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The Polish Locative Case

Unlike other Polish cases, the locative case is never used without certain prepositions (a word that links the object of the sentence to its verb and subject). Practically speaking, this makes it quite easy for us to see when we should be using the locative, something that can be tricky with other cases. It is still important however, to learn the declensions (ending changes) that this case requires.

Polish Locative

Noun Declensions in the Locative

Masculine singular nouns are treated the same as neuter singular nouns in the locative; with stems ending in hard consonants (bar -k, -g and -h) they take the ending -e, often accompanied by the letter -i- for consonant softening; kino [masculine] (Cinema) in the accusative, becomes kinie and stół [neuter] (table), becomes stole.

After soft consonants, and -k, -g and -h stem endings, the neuter and masculine singular nouns take the ending -u. In the locative pociąg [masculine] (train) is pociągu and lotnisko [neuter] (airport) is lotnisku.

For feminine singular nouns in the locative case, the ending -e is used after a hard consonant stem ending, and -i after a soft stem ending. One common example is Polska (Poland), which becomes Polsce in the locative. For soft femmenine endings, the locative case can look a little odd, take Anglia (England), for example, where the locative is Anglii.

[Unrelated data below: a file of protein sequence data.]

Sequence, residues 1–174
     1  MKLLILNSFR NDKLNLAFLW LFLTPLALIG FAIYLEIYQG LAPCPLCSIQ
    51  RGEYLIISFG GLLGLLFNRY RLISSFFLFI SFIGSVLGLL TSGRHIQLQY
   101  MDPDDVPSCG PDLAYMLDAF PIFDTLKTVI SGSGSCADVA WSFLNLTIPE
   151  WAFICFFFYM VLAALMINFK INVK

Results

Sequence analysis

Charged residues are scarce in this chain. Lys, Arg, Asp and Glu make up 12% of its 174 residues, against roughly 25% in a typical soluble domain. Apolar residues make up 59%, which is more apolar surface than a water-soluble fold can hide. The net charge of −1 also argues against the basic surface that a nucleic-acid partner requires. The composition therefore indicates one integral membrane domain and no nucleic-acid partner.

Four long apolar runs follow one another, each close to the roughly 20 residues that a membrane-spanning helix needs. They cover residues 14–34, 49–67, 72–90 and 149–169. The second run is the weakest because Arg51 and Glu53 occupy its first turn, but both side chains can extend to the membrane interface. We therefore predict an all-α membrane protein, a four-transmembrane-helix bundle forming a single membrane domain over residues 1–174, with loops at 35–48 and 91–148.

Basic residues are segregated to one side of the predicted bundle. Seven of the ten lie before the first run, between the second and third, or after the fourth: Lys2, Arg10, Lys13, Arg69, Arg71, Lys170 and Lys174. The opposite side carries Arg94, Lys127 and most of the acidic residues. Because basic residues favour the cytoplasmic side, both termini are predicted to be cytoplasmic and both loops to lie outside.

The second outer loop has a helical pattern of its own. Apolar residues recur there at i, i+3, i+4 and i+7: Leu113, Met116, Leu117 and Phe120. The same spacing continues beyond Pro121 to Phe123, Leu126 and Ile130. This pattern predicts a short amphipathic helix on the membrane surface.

For plurals the ending -ach is used for masculine, feminine and neuter nouns, and the endings -ich and -ych are used for plural adjectives, the former for any adjectives with stems ending in -g, -k or -i, and the latter for all other stems.

Adjective Declensions in the Locative

For singular masculine and neuter adjectives the ending is -im or -ym, while for feminine adjectives the locative ending is the same as the genitive, -ej.

Uses of the Locative

As the name suggests the locative case is largely used to indicate location. Consequently, as we have said, it lends itself to use with prepositions like w (in), po (along or over), na (on), and o (at a particular time), all of which help define the location of a sentence’s object.

So, we use the locative when we are explaining where we live and where we are, because both of these require location.

To say where you are (in which country you are) you must use the preposition w, which means ‘in’: Jestem w Polsce (I am in Poland), is a good example, but remember the odd declensions which will leave some words with a double ‘I’ ending.

We also use the locative to indicate where things or people are. For this it’s worth knowing another useful Polish preposition, przy (by): Ona jest przy stole (She is by the table).

Using the prepositions na can also be useful to communicate locations, and again, the locative is used: Jestem na ulice (I am on the street).

We also ask questions about location using the locative: ‘W którym domu mieszkasz?’ (which house do you live in?), and ‘na jakiej ulicy mieszkasz?’ (which street do you live on?), are two examples – the first masculine, the second feminine, each using a different locative preposition.

Overall, it’s relatively easy to determine when the locative case is required, and, despite looking quite daunting on paper, the declensions come easily with practice. The more you use those all-important prepositions, the more you will have to use the locative endings for verbs, and the more confident with those softened consonant endings, and grammatical exceptions you will become. You can even start practicing now, just look around the room and try to describe where things are.